Washington Post Reporters Hannah Dreier and Andrew Ba Tran are the winners of the 2022 Brechner Freedom of Information Award for their coverage of hidden inequities in the way FEMA administers aid to victims of national disasters.
Dreier and Tran spent 13 months investigating how FEMA distributes aid, filing records requests in four states, analyzing 9.5 million records, and reporting in disaster zones from California to Iowa to Alabama. Their reporting found an opaque response system with very little public accountability.
In the course of their reporting, they found that FEMA was:
- Systematically excluding Black people in the Deep South from assistance.
- Rejecting nearly 90 percent of applicants for aid.
- Denying funeral assistance to people who lost loved ones early in the pandemic.
- Stalling efforts to protect against the effects of climate change.
Their reporting had impact. FEMA pledged to become more transparent and to start collecting data to help others hold the agency accountable. It also resulted in several pieces of legislation currently being considered in Congress, including a requirement to post rates of approval for assistance requests. Legislators, academics and FEMA staff all are using data generated by this reporting to inform policymaking.
“This work exemplifies the great tradition of journalists using public records to hold government accountable,” said Janet Coats, managing director of UF’s Consortium on Trust in Media and Technology and one of the contest judges. “It’s particularly important given that the people most hurt by FEMA’s inequitable responses already have suffered terrible loss as the result of disasters. These are the very people FEMA is designed to help, and this reporting already has made an impact in the way FEMA operates.”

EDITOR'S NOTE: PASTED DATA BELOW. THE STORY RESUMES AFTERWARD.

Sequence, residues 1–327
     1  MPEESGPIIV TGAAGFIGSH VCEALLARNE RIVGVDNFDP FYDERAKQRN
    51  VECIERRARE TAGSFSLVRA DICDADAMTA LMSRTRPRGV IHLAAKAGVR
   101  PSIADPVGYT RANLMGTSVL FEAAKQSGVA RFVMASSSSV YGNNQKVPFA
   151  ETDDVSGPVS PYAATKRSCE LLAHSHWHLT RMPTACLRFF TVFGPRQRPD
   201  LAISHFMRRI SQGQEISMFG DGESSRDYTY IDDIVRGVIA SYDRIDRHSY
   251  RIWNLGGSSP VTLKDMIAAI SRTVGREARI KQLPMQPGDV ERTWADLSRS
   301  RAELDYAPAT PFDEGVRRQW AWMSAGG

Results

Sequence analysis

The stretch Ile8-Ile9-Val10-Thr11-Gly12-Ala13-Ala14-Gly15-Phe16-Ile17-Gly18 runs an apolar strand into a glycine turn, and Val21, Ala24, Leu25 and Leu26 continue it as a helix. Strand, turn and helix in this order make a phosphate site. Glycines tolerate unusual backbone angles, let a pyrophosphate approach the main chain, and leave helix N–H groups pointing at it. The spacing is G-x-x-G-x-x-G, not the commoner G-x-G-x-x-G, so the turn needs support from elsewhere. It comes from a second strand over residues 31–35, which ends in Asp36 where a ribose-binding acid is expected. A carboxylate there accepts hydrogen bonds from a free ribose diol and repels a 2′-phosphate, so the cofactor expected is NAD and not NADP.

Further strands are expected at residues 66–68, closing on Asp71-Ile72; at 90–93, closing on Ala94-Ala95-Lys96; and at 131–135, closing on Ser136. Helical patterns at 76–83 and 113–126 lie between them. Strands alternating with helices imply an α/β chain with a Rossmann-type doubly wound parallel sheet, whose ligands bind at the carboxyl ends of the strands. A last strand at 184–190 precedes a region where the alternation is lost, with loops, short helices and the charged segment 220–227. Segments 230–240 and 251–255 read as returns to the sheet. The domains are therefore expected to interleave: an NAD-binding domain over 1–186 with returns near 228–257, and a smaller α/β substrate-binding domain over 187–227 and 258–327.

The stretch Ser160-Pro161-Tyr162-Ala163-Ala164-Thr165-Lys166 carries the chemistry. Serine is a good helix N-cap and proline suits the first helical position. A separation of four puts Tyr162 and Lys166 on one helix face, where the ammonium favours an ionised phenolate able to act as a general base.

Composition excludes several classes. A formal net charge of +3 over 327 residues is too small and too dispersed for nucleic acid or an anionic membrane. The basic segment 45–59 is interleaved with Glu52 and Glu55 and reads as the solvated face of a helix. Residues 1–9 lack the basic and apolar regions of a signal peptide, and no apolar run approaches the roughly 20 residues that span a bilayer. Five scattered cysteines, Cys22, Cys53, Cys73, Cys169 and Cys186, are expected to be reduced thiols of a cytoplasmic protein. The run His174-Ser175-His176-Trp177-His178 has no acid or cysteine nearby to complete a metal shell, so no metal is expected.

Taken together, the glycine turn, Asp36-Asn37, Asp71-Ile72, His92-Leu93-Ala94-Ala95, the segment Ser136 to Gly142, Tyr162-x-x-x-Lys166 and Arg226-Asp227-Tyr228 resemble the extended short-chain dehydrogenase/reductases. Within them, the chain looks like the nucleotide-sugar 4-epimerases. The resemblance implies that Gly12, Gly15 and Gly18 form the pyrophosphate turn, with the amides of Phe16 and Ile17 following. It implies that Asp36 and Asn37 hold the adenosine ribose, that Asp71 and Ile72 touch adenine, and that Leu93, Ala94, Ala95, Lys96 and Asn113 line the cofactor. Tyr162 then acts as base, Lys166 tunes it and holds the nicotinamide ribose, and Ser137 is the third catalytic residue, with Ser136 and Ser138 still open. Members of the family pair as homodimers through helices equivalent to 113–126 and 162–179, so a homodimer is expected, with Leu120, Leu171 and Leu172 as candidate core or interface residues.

Dreier and Tran demonstrated persistence not only in acquiring the data that underpins their reporting, but also in making it useful. After FEMA declined to share information about its application rejection rates, they worked to pull the data from FEMA’s own network. The Post honored the spirit of transparency by making their databases available on their website, creating an interactive map describing where people are denied disaster aid, and creating an app that allows users to explore grant applications for hazard mitigation projects by county.
The Post’s series was chosen for the award by a panel of judges with expertise in investigative reporting and information access: Diane McFarlin, dean emeritus of the UF College of Journalism and Communications and former editor and publisher of the Sarasota Herald-Tribune; Ted Spiker, chair of the department of journalism at the UF College of Journalism and Communications; and Coats of the UF Consortium on Trust in Media and Technology.
The Brechner Freedom of Information Award has been presented annually since 1986 by the Brechner Center for Freedom of Information at the University of Florida College of Journalism and Communications to reward excellence in reporting that draws on government documents and data, shedding light on official secrecy. The award includes a $3,000 cash prize, made possible by an endowment created by the Brechner family.
A list of previous winners can be found at https://brechner.org/about/past-awards/
About the Brechner Center
The Brechner Center, founded in 1977, works to educate journalists, policymakers and the general public about the law of access today and how it should work tomorrow. The Center is a source of research, expertise and advocacy about the law of gathering and disseminating news across all platforms and technologies.